Posted by Claiborne | Posted on 09-10-2012
On Wednesday, September 5, 2012 the Florida Fish and Wildlife Commission approved the Monroe County anchorage regulations associated with the Florida Pilot Mooring Field Program. While the final version must still be approved by the Monroe County Board of Commissioners, that final nod would seem to be a mere formality. We conclude that, after all the many public forums, voluminous comments published here on the Cruisers’ Net and on other nautical forums, and a lot of GOOD work by our very special Florida Keys correspondent (and founder of BARR – Boaters’ Action Rights and Resonsibilties), Captain Charmaine Smith Ladd, we have a new set of Florida Keys anchorage regulations which will almost certainly be in effect by the winter 2012 – 2013 cruising season! HOWEVER, as you will see, this is not nearly as onerous as it initially sounds!
Following my editorial remarks below, you will discover a LOT of verbiage about these regulations, but even before you read, and try to make sense of all that, we want to distill the facts for you as best we can. And, believe it or else, from all that we have been able to gather, the bottom line is this is really a “good thing” (mostly) for the cruising community. It’s NOT a good thing for those who live ashore and want to store their boats for free at anchor. Read on!
First of all, everyone needs to remember that, for many years now, all of the Florida Keys (Monroe County) waters have been a NO DISCHARGE ZONE. That means, among other things, that ALL vessels must regularly pump out their waste tanks, and Lectra San type devices are NOT acceptable. And, along with these long-time regulations, comes the possibility of legal boardings by any law enforcement agency to make sure that overboard discharge vales are PADLOCKED SHUT and all other MSD regulations are being observed!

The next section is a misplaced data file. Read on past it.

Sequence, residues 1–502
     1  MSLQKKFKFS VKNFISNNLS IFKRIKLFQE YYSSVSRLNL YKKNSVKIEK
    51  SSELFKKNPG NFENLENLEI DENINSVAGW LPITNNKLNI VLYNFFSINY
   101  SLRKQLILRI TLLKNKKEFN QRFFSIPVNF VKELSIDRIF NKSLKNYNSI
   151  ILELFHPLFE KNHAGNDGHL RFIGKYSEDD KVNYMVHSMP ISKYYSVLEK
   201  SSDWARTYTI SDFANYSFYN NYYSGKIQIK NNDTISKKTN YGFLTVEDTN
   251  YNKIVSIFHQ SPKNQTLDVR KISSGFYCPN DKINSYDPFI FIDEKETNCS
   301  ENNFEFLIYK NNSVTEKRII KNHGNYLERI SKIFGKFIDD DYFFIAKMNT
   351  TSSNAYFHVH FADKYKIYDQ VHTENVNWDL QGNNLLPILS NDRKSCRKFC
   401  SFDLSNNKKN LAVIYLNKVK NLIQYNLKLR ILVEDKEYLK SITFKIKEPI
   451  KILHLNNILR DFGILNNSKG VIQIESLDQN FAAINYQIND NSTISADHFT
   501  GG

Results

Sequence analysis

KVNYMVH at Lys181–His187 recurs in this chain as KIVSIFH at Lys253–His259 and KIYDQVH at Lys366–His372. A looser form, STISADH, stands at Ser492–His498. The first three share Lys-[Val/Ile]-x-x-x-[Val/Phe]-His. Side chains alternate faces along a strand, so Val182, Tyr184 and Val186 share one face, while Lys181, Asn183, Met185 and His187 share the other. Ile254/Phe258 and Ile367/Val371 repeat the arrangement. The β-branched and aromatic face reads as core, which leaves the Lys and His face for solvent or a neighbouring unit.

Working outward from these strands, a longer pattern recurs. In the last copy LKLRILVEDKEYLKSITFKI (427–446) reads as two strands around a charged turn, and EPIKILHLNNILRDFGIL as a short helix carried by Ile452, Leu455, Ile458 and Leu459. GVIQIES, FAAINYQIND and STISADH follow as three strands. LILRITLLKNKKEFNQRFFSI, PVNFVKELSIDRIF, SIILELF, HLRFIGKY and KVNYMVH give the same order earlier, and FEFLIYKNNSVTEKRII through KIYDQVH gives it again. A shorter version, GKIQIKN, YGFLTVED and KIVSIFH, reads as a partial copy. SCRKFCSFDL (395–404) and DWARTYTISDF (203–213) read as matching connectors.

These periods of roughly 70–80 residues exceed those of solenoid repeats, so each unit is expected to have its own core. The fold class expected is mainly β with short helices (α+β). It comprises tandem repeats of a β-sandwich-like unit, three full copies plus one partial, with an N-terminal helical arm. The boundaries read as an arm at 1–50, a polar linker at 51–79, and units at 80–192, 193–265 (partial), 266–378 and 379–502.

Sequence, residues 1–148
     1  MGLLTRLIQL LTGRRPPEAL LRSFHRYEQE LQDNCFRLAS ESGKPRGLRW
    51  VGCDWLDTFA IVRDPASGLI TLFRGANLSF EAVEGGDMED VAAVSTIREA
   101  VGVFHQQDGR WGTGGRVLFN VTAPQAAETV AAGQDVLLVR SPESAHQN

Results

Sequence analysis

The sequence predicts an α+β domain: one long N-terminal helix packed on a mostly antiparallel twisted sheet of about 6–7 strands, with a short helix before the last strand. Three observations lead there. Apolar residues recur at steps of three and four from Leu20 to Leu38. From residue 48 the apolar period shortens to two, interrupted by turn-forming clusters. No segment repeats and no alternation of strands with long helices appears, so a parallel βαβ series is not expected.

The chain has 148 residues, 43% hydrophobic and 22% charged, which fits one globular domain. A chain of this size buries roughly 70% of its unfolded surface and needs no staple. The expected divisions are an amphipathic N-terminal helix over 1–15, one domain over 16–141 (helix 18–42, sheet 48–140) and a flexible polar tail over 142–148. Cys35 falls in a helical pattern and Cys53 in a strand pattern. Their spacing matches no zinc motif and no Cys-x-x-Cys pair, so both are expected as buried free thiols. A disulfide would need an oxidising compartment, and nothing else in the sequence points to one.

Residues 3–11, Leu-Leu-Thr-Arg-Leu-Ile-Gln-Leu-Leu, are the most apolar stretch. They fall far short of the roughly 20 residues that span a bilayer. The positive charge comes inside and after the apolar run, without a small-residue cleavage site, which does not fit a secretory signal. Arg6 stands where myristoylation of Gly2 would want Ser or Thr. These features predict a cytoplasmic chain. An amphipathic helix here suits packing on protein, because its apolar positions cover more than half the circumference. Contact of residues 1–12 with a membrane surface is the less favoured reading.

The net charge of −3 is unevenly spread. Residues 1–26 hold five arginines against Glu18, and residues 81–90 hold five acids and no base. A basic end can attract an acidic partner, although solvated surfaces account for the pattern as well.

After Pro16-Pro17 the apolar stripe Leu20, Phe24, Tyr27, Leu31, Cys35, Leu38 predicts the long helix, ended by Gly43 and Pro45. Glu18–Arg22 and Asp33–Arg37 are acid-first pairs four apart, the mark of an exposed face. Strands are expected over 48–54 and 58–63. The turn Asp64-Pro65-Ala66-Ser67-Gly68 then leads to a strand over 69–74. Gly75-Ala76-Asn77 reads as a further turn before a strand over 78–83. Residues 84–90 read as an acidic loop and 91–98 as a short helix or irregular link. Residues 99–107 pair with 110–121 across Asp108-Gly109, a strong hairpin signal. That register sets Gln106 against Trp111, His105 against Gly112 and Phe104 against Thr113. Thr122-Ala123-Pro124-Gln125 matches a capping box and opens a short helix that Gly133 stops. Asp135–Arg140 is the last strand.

The status of all Florida Keys MSD regulations remain the same as has been the case for some time. The new anchorage regulations detailed below do not change these prohibitions in any way.
The new Florida Keys anchorage regulations really boil down to three new prohibitions:
1. Within the managed anchorages (see below) vessel owners must show evidence of regular waste pump-outs when asked to furnish such proof by a law enforcement officer.
2. Within the managed anchorages, law enforcement officers now have the ability to ticket vessels they consider derelicts or near derelicts (in danger or sinking or breaking free).
3. In Marathon and Key West, “no anchorage buffer zones” have been established around the city mooring fields.